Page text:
Historical Research Series Guest - Marianne Whiting

Welcome back to another installment of the Historical Research Series. In this series, I am interviewing historical novelists about how the research that allows them to create compelling and believable stories.

Please help me welcome this week's Historical Research Series guest - Marianne Whiting.

Marianne, why don't you start out by telling us a little bit about yourself?

I was born in Sweden and studied History at the University of Lund. I arrived in England in 1973 to do a one-year course at Birmingham University. I’m still here and still married to the man who made me miss the boat home. I taught Humanities in Leicestershire High Schools before escaping to run a Study Support Project and then to set up a Sure Start Children’s Centre in Leicester. I now write full-time.

I began writing in earnest in 2001 and was invited to join Leicester Writers’ Club the year after. I am a member of the Historical Novel Society. I have had some success with poetry and short stories and my first novel Modern Knights Don’t Wear Armour (unpublished) won a place in the East Midland Arts Free Reading scheme. Shieldmaiden was published by Matador in 2012.

I write the sort of stories that I like to read but rarely find; historical adventure like the ones by Bernard Cornwell and Tim Severin but with a woman at the centre of the action. As a historian I enjoy the research and strive to be accurate without allowing historical detail get in the way of the action.

What is the time period/setting for your novels?

Mid-10th Century about the Viking settlers in Cumbria.
Do you have any special connection to the period? 

When I arrived in England in 1972 I found the English incredibly ignorant about their Viking ancestors. I’ve always wanted to challenge their view that the Vikings raped, pillaged and left.

What appeals to you about this period?

I’m interested in the Vikings because of the way their society was built on the need for mutual support, respect for women in a time when they generally didn’t count for much, the concept of honor and the desire to gain a reputation of fairness and wisdom in this life. Then there is, of course, the excitement and adventure.

How much time do you spend researching each book?

I’m retired and self-published so have no restrains on the amount of time I spend on research. I try not to get too carried away.

Do you tend to research before you write, or more as you write?

I already had a reasonable grasp of Viking history and culture from my Scandinavian upbringing and as a student of History so I just got started. I do my research when I need to find some specific detail. I do however confess to spending most of my holidays in search of Viking Centres and good museums.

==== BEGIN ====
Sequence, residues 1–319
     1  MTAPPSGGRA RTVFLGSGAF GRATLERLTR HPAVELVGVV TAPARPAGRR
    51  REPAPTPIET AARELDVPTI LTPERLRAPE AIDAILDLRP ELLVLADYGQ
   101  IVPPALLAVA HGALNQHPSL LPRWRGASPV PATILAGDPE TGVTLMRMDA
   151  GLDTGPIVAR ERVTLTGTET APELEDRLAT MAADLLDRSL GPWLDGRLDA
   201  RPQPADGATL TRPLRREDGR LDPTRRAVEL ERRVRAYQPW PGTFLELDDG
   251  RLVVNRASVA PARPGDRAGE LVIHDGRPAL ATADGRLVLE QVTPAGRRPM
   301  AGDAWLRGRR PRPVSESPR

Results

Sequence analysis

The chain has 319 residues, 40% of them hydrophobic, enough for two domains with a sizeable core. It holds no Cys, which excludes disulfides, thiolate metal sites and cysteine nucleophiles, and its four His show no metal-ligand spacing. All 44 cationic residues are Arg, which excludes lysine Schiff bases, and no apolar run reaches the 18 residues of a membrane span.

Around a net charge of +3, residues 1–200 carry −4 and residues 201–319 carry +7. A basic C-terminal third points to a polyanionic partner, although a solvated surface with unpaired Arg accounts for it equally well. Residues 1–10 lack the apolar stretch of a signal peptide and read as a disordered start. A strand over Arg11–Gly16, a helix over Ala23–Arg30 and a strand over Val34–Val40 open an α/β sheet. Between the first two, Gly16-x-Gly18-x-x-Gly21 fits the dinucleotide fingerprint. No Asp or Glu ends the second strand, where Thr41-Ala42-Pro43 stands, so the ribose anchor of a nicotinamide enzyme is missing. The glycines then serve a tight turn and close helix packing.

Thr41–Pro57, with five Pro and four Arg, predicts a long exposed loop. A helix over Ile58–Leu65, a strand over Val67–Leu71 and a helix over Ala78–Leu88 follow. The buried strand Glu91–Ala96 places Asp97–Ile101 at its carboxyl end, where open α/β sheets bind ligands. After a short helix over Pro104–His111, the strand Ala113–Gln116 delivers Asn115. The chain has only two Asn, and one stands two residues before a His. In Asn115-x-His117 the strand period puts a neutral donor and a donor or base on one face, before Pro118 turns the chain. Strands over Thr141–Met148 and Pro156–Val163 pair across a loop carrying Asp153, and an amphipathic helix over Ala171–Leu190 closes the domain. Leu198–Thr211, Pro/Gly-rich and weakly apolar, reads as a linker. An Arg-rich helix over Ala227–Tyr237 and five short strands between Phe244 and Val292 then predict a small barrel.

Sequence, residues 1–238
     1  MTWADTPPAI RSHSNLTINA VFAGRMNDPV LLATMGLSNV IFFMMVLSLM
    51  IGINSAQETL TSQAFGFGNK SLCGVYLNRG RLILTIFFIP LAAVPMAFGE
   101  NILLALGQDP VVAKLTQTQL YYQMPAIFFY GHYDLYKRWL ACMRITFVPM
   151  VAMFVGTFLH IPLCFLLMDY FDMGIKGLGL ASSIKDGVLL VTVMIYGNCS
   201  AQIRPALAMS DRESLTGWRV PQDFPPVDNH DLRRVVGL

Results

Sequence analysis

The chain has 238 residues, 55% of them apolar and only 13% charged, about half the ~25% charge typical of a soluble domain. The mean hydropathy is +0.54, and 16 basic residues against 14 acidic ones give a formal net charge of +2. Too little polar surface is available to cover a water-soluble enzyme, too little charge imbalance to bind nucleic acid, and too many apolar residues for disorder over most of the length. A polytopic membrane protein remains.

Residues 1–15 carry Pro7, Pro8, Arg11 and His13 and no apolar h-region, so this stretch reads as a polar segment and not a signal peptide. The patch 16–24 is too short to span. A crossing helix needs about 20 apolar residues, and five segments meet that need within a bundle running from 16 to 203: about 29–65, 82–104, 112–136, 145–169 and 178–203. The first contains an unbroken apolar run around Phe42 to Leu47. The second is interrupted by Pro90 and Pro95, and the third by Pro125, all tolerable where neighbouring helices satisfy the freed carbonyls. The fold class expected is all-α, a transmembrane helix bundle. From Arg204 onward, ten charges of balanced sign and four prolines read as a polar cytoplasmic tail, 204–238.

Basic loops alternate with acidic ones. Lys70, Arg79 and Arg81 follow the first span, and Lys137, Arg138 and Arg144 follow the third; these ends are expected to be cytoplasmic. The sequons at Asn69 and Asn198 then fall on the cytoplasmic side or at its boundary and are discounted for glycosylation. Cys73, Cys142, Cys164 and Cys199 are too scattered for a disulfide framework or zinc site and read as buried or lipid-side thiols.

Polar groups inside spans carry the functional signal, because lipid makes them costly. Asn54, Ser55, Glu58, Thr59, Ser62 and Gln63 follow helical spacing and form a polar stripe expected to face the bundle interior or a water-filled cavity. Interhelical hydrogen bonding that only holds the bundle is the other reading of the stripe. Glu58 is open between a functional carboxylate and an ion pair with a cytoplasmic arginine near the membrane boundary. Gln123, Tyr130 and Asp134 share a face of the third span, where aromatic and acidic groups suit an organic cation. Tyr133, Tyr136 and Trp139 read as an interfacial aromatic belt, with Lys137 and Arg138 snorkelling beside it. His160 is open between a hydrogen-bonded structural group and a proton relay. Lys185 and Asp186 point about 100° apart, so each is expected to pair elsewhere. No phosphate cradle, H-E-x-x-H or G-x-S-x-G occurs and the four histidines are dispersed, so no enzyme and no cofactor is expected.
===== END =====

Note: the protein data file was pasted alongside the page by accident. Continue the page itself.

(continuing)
Do you tend to use secondary or primary research sources?

I use both. There are no contemporary written sources by Vikings. The Anglo Saxon Chronicles were written by monks and they were, understandably, not keen on Vikings so the bias is pretty glaring. Other sources, such as the Icelandic Sagas, were written down from oral traditions 2-300 years after the events they describe and after Iceland had been a Christian country for a couple of centuries. Archaeology is useful but even more so is experimental archaeology where people re-create houses, ships, manufacturing methods etc. to see what works. I have found that many re-enactors are not just people who get dressed up at week-ends to beat the living daylight out of their friends but are serious academics who generously share their knowledge with others on their websites.

Any favorite sources?

The Ribe Viking Centre in Denmark, but there are lots of others to discover.

Have you ever found out after a book was published that you made an error with a historical fact?

I write about Saxons in the North of England when they were in fact Angles. My brother also claims that the Vikings never used throwing axes but I have found a source that says it’s not impossible that they did. Otherwise I have yet to discover serious errors.
Which authors in this time period do you enjoy? Or, who inspires you?

The Icelandic Sagas are great both for information and inspiration. I also like the Swedish author F.G. Bengtsson’s The Long Ships (Rode Orm). Bernard Cornwell and Robert Low write exciting but male-oriented stories. I wanted to write that sort of stories but with women as the central characters.

How can readers connect with you if they want to learn more?


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